If you haven’t pushed “UPGRADE” on your WordPress site in awhile, you may want to with their latest release this week, WordPress 3.8.
There’s been a lot of changes and a lot of noticeable improvements. First off, they revamped the whole back admin interface. If you’re not a fan of changes, you’ll need to learn to love this one. Everything has been replaced for this new, slicker looking dashboard.
But the change is more than just cosmetic. I’ve been testing it here and on average I find a 40-50% increase in speeds loading various admin pages. For someone who uses their laptop remote at the free local coffee shops a lot, this means a LOT! I might actually be able to do my updates and necessary work while on the road.
The speed of the frontend is still somewhat dependent upon the theme you select. However, in a side by side comparison it did appear to process the queries fast and return the pages better results than previous versions.
This new release also comes with the latest WordPress Theme, Twentyfourteen. Like the backend, it’s taken a slicker look and feel, modernizing the old base templates. It’s touted as a more “magazine-feel” and it definitely does convey that sense. Without any customization, it comes with 3 widget area:
- Primary Sidebar – The black area to the left
- Content Sidebar – Sidebar that can be in the white area on the far right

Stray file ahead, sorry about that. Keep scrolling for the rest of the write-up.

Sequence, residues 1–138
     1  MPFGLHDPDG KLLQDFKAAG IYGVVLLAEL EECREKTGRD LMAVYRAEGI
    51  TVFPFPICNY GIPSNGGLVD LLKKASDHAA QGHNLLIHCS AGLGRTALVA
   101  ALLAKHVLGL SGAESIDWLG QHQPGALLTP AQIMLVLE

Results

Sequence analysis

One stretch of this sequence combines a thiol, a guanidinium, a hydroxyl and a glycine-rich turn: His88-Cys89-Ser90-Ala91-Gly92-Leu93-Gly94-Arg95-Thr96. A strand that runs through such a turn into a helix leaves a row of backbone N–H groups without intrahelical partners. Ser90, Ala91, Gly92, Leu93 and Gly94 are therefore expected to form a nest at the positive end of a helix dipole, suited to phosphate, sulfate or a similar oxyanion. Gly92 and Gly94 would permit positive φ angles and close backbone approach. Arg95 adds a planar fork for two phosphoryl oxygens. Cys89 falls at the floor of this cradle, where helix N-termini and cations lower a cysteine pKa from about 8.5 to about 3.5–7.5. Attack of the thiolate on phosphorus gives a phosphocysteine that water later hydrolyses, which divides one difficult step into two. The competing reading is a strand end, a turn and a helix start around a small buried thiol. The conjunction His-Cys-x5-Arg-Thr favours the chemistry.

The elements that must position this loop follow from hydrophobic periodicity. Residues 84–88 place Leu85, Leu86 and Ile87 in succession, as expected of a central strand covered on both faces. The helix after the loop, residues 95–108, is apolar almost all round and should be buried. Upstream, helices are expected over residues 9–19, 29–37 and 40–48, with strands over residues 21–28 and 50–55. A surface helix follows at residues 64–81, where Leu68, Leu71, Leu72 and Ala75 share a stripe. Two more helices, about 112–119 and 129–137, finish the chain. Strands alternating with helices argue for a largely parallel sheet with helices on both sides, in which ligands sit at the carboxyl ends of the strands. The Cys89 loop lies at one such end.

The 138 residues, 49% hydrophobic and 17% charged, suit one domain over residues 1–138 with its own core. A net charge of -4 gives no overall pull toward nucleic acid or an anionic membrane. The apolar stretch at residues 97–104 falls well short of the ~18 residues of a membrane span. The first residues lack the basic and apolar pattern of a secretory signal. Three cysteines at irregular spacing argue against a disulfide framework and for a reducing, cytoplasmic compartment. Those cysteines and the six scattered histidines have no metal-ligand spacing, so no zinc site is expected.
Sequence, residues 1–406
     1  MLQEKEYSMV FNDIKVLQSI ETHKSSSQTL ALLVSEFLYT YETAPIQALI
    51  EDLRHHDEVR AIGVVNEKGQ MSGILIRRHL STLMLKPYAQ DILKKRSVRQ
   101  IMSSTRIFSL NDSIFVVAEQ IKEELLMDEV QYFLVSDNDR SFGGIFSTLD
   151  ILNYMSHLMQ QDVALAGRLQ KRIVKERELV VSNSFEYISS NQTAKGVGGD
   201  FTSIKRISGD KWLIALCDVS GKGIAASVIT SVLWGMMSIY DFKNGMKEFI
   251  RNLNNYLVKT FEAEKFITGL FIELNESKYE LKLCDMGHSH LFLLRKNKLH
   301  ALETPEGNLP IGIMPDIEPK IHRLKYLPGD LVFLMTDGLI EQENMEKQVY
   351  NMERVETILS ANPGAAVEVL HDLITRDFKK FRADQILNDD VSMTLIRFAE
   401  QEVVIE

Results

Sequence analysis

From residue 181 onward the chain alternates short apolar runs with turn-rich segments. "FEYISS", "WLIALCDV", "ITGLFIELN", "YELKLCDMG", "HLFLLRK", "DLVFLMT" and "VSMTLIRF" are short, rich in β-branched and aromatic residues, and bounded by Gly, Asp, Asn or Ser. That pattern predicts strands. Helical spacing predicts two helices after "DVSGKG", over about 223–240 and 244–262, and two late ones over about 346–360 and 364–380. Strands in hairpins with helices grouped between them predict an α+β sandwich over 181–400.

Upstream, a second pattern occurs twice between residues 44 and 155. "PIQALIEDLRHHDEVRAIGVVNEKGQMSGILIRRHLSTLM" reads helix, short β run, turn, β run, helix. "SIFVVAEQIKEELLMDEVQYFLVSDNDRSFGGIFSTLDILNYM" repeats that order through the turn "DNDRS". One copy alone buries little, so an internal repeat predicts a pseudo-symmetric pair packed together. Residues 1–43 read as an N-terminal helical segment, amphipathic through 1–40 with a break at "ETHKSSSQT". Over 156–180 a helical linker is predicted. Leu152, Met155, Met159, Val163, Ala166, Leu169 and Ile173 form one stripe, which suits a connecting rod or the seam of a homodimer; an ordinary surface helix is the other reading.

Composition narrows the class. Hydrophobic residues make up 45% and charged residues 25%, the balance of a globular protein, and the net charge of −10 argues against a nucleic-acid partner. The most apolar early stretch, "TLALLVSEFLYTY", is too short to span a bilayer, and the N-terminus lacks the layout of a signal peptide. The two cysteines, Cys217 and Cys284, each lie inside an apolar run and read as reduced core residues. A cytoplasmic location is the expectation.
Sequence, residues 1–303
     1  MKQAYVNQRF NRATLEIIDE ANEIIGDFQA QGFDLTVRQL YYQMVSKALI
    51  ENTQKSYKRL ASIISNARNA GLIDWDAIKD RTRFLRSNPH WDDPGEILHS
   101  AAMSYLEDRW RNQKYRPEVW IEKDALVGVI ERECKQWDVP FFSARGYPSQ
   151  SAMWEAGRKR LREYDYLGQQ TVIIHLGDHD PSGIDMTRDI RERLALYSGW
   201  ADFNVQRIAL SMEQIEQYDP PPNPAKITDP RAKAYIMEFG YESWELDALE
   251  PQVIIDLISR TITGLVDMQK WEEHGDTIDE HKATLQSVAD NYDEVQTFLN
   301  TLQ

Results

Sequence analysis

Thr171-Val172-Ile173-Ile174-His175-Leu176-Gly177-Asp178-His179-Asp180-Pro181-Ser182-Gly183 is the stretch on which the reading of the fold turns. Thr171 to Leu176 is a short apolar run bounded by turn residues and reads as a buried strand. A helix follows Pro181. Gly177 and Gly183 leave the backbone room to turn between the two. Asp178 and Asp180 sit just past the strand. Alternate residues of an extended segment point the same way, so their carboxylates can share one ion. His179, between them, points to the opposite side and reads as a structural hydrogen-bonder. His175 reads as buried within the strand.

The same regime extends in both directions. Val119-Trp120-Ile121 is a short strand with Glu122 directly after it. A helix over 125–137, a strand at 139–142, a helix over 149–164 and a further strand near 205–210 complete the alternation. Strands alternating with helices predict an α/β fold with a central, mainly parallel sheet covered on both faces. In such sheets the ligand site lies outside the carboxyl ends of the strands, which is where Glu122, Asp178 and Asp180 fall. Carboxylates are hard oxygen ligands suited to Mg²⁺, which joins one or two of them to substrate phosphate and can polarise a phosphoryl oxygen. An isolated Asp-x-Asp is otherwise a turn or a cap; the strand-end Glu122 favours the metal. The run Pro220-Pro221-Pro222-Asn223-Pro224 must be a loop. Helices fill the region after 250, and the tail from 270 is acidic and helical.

- Footer – Bottom area (not shown in screenshot) that is black like the left side
The theme by default also has a responsive mode for mobile devices. While looking relatively clean, it is still just a responsive design. (Read more about Is Your Website Mobile Ready? to understand why this is important.)
Why to not jump yet?
So, all this wonderful goodiness does come with some concerns. As with any WordPress update, you need to wait for the plugins and support to catch-up. Some of the plugin authors are pretty good about getting their updates on or near the release date of WordPress versions. But this one for some reason has them delayed.
The biggest impact I’ve seen so far has to do with any plugins that try to “add” features to the normal post or page templates. So if your plugin had a button which made it simpler for you to add shortcodes or a code that extends what boxes you have for post meta_data, it may not work right now.
Hang tight. I’ve seen emails from various developers in the WordPress community and the fix is coming!
So should I upgrade?
Without a doubt I’m a strong proponent of keeping up with the latest WordPress version. As with any software, you’re not only getting the latest and greatest, you’re also able to keep your site more secure and safer from attacks. At the end of the day, that’s probably the most important of anything.
Upgrading, as with any WordPress upgrades, comes with a level of caution and as always, make backups and copies so you can revert back in case anything doesn’t work. But if you’ve been keeping up with the upgrades, this one is relatively safe and quick to perform. If you need assistance though, feel free to drop us a line here at Creekside and we can work through the changes with you.